Chives are cultivated both for their culinary uses and for their ornamental value; the violet flowers are often used in ornamental dry bouquets.
The flowers are also edible and are used in salads, or used to make Blossom vinegars.
Chives thrive in well-drained soil, rich in organic matter, with a ph of 6-7 and full sun. They can be grown from seed and mature in summer, or early the following spring. Typically, chives need to be germinated at a temperature of 15 to 20 °C (60-70 °F) and kept moist. They can also be planted under a cloche or germinated indoors in cooler climates, then planted out later. After at least four weeks, the young shoots should be ready to be planted out. They are also easily propagated by division.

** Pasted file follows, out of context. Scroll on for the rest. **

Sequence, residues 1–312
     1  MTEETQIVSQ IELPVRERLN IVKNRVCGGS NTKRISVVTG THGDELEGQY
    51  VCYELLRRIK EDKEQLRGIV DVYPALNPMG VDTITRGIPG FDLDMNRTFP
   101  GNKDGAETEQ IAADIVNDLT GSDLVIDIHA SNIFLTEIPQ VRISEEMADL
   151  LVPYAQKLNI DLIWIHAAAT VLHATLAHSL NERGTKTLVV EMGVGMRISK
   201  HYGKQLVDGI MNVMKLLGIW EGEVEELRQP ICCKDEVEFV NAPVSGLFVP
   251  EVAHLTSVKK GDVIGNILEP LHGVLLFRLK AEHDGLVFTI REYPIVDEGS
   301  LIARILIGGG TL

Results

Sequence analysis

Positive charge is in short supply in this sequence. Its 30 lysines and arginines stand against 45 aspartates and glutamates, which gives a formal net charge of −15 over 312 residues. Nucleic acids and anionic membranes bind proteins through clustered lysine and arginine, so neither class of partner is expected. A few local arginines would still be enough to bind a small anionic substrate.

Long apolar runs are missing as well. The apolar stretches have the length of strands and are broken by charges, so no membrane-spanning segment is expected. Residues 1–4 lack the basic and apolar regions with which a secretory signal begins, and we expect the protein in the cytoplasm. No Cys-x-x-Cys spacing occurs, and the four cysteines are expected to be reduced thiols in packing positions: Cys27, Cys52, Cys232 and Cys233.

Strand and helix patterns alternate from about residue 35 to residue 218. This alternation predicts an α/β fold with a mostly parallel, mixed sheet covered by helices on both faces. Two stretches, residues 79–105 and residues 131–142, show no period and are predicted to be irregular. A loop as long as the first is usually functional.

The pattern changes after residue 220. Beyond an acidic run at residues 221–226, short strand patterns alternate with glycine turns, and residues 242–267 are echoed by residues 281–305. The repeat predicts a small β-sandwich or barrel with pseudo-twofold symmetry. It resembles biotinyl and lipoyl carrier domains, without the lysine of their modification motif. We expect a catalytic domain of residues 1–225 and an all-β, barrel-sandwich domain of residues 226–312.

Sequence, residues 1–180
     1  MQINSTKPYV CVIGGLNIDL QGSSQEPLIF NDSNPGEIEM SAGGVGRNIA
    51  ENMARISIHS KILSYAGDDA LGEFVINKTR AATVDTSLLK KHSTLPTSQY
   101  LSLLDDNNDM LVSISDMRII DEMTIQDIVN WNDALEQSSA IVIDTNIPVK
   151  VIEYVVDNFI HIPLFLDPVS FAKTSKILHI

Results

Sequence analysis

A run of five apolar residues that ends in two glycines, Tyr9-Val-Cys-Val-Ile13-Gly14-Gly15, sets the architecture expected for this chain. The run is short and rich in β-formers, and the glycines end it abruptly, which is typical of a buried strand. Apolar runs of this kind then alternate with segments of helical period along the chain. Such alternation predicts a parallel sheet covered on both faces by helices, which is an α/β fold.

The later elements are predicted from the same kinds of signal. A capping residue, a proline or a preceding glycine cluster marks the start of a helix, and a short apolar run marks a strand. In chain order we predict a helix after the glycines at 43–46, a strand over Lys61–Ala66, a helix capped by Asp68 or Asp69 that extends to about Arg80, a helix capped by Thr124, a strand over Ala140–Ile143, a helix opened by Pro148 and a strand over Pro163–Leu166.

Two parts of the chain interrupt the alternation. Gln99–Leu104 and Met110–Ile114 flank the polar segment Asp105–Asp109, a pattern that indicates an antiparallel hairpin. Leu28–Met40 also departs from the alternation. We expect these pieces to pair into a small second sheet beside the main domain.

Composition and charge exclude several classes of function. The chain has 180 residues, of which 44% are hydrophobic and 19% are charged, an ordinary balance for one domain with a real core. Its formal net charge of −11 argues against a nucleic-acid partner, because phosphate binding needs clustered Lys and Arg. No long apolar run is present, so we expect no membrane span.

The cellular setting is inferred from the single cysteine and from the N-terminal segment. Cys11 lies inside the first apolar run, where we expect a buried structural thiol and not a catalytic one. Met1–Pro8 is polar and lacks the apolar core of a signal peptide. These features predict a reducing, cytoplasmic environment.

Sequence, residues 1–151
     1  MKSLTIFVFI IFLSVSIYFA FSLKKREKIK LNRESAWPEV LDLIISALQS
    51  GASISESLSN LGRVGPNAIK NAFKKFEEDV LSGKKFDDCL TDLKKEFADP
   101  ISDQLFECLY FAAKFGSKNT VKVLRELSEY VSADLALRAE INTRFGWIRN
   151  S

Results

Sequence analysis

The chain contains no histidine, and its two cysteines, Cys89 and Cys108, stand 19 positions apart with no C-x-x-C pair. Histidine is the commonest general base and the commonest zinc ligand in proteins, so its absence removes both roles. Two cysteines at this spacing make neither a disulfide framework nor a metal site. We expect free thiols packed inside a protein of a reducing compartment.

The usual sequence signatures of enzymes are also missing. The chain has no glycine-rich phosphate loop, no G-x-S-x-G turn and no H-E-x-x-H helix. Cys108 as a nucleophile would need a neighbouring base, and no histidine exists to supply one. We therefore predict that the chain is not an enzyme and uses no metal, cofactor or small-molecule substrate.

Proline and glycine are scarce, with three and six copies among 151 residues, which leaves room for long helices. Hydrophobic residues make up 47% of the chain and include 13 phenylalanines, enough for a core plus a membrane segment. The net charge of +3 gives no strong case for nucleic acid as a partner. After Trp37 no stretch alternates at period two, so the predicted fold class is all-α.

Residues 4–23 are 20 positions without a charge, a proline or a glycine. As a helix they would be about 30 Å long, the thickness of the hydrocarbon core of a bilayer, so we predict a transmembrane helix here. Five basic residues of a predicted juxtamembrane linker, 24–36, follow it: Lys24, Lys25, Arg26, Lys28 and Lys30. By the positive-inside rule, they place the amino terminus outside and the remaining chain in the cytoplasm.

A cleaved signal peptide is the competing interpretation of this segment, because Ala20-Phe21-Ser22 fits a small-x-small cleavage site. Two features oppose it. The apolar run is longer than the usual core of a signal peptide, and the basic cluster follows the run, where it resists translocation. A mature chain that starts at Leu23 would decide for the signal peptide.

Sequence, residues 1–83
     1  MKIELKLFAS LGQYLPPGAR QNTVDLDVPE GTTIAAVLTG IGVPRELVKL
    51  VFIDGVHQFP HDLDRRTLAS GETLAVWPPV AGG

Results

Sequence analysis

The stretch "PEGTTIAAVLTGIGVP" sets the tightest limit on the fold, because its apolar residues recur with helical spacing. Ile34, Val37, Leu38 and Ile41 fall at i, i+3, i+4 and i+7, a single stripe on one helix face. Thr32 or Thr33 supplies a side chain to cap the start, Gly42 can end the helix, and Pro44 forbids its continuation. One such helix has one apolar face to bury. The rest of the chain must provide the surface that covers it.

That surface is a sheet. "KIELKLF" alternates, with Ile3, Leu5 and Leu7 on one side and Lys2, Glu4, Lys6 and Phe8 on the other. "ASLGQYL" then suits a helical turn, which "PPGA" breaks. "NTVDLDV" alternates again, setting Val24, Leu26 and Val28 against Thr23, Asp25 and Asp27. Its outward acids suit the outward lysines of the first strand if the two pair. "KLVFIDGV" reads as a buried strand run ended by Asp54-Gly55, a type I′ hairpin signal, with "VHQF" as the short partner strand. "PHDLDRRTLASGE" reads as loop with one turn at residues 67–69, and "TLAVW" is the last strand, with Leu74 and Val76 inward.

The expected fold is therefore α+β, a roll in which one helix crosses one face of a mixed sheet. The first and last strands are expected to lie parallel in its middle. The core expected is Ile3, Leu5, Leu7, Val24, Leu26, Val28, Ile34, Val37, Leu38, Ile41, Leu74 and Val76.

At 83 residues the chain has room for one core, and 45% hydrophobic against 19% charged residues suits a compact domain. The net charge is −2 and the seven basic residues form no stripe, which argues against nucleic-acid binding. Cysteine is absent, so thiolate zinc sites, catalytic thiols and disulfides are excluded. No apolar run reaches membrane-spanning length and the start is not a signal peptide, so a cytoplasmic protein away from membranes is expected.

In cold regions, chives die back to the underground bulbs in winter, with the new leaves appearing in early spring. Chives starting to look old can be cut back to about 2–5 cm. When harvesting, the needed number of stalks should be cut to the base. During the growing season, the plant continually regrows leaves, allowing for a continuous harvest.